When the story broke on the front page of the Nov. 22 Payson Roundup that the entire cat and kitten population at the Payson Humane Society had to be destroyed, the Rim Country Middle School Builder's Club decided to get involved.
"With the disease, we wanted to help them rebuild and get back on their feet," said eighth-grader Lanie James, club president.
The Kiwanis-sponsored Builder's Club is a service organization that undertakes community projects throughout the year.
Last week, four members of the club took time off from their Christmas break to present the shelter with the fruits of their labor -- a check for $775.35.
Besides James, they included past president Rachel Haddad, Samantha Riepel and Erin Pitterle, all students in the eighth grade.
The money was raised primarily through two fund-raisers, a Christmas dance and a class competition.
"We had a Kitty Kat fund-raiser donation drive where we put milk jugs in each classroom and the kids donated money, and whichever class in each grade had the most money was the winner," James said. "Then we had a Kitty Kat Christmas dance where we charged $2 or cat food or a kitty toy to get in."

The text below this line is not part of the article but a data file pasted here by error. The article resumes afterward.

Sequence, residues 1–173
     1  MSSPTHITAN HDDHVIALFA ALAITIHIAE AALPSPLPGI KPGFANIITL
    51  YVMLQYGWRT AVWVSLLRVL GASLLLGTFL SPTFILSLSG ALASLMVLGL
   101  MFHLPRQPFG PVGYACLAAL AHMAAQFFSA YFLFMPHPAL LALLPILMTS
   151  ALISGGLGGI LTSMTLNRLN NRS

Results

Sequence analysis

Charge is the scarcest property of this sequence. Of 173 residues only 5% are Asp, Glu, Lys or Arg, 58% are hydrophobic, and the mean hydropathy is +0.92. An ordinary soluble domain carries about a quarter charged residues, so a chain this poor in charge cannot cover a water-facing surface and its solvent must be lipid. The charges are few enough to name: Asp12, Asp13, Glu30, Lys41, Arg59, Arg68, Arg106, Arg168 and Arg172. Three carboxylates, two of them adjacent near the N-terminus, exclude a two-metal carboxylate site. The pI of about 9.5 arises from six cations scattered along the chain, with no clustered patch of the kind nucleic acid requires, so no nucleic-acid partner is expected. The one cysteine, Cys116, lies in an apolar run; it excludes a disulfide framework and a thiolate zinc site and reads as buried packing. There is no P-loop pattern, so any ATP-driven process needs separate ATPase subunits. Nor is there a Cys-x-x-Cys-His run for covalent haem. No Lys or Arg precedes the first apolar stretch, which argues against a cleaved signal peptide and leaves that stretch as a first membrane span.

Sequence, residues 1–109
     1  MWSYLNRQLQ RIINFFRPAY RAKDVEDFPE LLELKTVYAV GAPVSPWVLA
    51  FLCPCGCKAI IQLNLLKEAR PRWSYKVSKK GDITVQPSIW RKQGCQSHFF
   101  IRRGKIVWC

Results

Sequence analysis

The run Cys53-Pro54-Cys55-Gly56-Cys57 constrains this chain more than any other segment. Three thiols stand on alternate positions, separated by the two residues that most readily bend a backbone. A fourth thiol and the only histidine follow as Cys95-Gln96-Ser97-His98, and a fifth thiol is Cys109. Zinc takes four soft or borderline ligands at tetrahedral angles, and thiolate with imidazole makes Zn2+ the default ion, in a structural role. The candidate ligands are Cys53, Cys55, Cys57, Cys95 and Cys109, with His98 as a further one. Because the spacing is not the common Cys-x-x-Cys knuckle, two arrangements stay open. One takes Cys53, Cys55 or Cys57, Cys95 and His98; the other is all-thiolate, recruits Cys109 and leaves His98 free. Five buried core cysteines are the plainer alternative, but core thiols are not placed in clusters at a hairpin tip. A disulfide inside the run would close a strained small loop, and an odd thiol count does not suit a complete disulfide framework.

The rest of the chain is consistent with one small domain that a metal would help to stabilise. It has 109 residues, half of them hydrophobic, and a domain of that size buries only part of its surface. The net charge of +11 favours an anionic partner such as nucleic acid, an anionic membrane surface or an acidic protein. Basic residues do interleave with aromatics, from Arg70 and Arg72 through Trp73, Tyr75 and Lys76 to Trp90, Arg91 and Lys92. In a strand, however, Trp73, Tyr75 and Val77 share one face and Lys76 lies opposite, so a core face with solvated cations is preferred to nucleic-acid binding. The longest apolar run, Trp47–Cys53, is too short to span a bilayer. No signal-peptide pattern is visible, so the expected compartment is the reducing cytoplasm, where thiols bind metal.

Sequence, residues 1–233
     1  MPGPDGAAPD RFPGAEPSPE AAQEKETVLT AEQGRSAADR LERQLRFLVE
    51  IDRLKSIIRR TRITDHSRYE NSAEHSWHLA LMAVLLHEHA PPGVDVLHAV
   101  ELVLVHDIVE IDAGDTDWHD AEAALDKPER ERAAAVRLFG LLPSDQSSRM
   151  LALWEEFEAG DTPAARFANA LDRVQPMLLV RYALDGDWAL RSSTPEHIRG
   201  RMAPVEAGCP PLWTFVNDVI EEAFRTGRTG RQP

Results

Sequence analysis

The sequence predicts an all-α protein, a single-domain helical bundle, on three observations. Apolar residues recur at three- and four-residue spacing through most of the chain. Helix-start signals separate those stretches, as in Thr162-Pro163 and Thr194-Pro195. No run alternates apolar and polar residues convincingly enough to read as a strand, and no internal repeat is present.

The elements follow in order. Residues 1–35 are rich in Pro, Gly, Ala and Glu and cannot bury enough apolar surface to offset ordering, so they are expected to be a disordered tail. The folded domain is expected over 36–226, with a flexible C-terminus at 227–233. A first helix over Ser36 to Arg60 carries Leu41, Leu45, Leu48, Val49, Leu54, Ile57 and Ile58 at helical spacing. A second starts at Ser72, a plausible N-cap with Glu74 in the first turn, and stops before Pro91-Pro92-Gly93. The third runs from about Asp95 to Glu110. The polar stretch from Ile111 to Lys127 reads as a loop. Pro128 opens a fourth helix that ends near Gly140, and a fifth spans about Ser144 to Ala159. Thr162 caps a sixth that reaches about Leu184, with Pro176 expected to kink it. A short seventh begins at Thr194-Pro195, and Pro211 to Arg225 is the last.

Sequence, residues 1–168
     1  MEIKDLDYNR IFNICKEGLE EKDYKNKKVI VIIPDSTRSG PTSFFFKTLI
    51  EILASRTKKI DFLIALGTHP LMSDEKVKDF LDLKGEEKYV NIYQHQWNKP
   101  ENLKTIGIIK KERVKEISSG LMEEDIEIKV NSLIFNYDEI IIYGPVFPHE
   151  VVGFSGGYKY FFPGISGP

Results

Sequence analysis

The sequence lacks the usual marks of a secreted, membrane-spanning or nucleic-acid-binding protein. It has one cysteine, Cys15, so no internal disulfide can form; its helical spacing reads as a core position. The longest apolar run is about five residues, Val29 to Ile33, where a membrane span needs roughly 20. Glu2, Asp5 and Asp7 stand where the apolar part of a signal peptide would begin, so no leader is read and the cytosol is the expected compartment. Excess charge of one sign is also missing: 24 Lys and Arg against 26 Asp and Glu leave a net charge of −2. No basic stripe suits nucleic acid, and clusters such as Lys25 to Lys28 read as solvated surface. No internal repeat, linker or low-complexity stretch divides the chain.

Pat Boettcher, president of the humane society board of directors, accepted the check on behalf of the shelter.
"We get a lot of support from the schools, and the middle school is always the big one, but they've never brought in anything like this before," Boettcher said. "The milk jug promotion went on for two weeks, so every kid in the middle school was out there talking to aunts and uncles and neighbors, doing odd jobs to raise money for their class. We've got total school involvement here."
The club specified that the money be divided equally, half going for general care of the cats and half to help build the cat area in the humane society's proposed new building on the north side of Longhorn Road between Highway 87 and RCMS.
"That much money will probably do a whole cat room for us," Boettcher said.
The humane society had to euthanize more than 100 cats and kittens due to an outbreak of feline herpes, an upper respiratory virus that normally strikes younger cats rather than older ones.
There is no cure for the disease, which is easily transmitted from cat to cat.
After the entire shelter was disinfected, the society began accepting cats and kittens on Dec. 11. All felines are now vaccinated for feline herpes when they come to the shelter.